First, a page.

It grants underwriter a right to issue 15% additional shares than originally planned and it need to be exercised within the time period of 30 days of offering. When a company has an initial public offering of their shares, there is a chance that demand for these new shares will surge and cause undesirable price fluctuations. With the green shoe option, prices can be better stabilized because the underwriter has the permission to sell additional shares as needed, up to 15% more than the originally allocated amount. The definition of a reverse greenshoe option, also known as an overallotment option, is a provision used by underwriters in the initial public offering (IPO) process.

By exercising the greenshoe, the underwriters are able to close their short position by purchasing shares at the same price for which they short-sold the shares, so the underwriters do not lose money. The greenshoe option reduces the risk for a company issuing new shares, allowing the underwriter to have the buying power to cover short positions if the share price falls, without the risk of having to buy shares if the price rises. It allows the underwriting syndicate to buy up to an additional 15% of the shares at the offering price if public demand for the shares exceeds expectations and the stock trades above its offering price. The option of realizing either trading position effectively makes underwriters long a straddle at the initial offering price in IPOs. A greenshoe option is a provision in an underwriting agreement that gives underwriters the right to sell more shares than initially agreed on. Greenshoe options, also known as “over-allotment options,” are included in nearly every initial public offering (IPO) in the United States.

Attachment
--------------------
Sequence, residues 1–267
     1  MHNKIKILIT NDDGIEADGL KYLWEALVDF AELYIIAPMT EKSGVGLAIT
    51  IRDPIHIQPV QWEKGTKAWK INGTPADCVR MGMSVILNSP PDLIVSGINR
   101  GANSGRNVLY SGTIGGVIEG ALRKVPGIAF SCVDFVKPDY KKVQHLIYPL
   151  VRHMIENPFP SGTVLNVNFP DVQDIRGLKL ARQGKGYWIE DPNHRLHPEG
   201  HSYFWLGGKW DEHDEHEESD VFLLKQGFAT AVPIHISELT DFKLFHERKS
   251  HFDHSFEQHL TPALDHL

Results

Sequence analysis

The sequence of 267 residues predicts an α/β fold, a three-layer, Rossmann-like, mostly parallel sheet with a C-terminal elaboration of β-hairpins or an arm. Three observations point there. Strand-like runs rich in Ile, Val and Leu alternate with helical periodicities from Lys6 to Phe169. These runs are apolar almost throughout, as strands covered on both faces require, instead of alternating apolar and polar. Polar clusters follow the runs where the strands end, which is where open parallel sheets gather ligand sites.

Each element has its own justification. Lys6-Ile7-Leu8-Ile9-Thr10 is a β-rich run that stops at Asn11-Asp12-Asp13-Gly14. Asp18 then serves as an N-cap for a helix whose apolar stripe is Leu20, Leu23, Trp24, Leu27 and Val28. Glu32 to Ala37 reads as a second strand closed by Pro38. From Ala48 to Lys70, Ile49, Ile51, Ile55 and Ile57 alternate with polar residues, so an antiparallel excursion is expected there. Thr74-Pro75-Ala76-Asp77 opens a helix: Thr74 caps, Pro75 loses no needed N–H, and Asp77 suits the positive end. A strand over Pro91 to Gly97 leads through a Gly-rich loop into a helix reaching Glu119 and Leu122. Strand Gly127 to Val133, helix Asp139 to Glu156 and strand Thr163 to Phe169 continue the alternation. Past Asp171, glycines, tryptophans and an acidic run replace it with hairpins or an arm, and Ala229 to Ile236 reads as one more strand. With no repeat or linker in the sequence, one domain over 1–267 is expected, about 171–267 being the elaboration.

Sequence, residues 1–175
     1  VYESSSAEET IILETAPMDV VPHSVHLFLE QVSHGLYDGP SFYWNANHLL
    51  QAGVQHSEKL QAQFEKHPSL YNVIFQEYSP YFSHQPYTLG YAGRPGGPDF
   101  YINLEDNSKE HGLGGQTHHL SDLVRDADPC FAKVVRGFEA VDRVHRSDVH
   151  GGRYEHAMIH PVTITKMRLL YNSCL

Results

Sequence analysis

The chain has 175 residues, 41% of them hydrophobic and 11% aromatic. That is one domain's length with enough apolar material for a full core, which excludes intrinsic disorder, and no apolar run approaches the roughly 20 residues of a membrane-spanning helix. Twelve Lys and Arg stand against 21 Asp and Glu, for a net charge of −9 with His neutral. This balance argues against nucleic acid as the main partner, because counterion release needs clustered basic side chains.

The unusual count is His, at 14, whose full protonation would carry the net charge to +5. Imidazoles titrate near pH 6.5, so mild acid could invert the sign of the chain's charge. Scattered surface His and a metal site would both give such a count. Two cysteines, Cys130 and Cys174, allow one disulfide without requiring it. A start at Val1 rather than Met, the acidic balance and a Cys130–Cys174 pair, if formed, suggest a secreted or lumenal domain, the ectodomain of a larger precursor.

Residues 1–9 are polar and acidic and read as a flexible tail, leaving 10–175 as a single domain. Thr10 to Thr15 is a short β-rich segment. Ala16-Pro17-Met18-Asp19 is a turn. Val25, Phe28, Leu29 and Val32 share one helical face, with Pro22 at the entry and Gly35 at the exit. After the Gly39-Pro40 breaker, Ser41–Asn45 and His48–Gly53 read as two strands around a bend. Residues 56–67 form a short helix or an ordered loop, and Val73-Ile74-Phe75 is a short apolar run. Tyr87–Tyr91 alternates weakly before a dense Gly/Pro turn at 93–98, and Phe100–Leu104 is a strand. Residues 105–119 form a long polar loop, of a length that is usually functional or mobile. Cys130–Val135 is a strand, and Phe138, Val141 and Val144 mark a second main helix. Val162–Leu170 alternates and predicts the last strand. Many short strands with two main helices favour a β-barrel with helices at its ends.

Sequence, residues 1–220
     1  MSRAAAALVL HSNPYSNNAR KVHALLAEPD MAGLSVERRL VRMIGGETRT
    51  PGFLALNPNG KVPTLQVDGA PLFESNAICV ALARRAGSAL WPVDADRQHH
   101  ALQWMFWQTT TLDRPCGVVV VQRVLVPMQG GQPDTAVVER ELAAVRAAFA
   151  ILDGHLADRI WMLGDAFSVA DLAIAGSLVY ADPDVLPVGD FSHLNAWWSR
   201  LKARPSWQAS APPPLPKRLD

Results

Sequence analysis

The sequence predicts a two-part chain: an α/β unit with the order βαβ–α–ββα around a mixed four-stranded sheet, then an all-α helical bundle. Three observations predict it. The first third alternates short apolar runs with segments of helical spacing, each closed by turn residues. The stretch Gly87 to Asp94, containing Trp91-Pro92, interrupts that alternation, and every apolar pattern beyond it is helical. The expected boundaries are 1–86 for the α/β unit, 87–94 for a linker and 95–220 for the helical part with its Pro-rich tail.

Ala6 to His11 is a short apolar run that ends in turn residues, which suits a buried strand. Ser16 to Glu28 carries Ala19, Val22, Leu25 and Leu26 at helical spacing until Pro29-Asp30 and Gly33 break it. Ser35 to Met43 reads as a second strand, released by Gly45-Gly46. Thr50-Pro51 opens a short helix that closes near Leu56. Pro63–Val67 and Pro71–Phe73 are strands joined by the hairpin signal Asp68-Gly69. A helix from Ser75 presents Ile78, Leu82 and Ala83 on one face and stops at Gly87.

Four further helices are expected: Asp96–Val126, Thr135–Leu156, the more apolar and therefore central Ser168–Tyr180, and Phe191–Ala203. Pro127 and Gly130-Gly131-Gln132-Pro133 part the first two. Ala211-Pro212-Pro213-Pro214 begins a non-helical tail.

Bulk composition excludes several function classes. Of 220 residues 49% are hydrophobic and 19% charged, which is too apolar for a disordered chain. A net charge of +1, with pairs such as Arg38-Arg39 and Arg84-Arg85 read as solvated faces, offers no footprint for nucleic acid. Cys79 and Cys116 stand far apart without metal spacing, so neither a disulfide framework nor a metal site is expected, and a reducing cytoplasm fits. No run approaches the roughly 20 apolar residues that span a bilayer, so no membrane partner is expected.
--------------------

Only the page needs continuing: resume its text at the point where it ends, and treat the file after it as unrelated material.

Risk disclosures on derivatives -

Alibaba Group Holding Limited (BABA) - In September 2014, Alibaba went public in the largest IPO in history. The underwriters of the IPO exercised the greenshoe option to purchase an additional 48 million shares from the company, bringing the total number of shares sold to 320.1 million. The Greenshoe option allowed the underwriters to stabilize the stock price during the volatile market conditions. The investment bank decides to exercise the greenshoe option and sell an additional 1.5 million shares, bringing the total number of shares sold to 11.5 million.

This can be especially important in cases where the demand for the stock exceeds the number of shares initially offered. If the underwriters are able to buy back all of the oversold shares at or below the offering price (to support the stock price), then they would not need to exercise any portion of the greenshoe. The number of shares the underwriter buys back determines if they will exercise a partial greenshoe or a full greenshoe. A partial greenshoe indicates that underwriters are only able to buy back some inventory before the share price rises. A full greenshoe occurs when they're unable to buy back any shares before the share price rises.


This can create the perception of an unstable or undesirable offering, which can lead to further selling and hesitant buying of the shares. To manage this situation, the underwriters initially oversell ("short") the offering to clients by an additional 15% of the offering size (in this example, 1.15 million shares). The underwriters can do this without the market risk of being "long" this extra 15% of shares in their own account, as they are simply "covering" (closing out) their short position. Increasing demand for a company’s shares can raise the share prices to a price above the offer price.

The purpose of the greenshoe option is to provide stability to the stock price in the event of increased demand for the shares after the IPO. The greenshoe option grants the underwriters the right to issue additional shares, up to 15% of the original shares issued, in case of excess demand. This helps to prevent the share price from skyrocketing and also provides the underwriters with an opportunity to buy back shares at the offering price, stabilizing the price. Alibaba IPO – When Alibaba went public in the U.S. in 2014, it had a greenshoe option in its favour.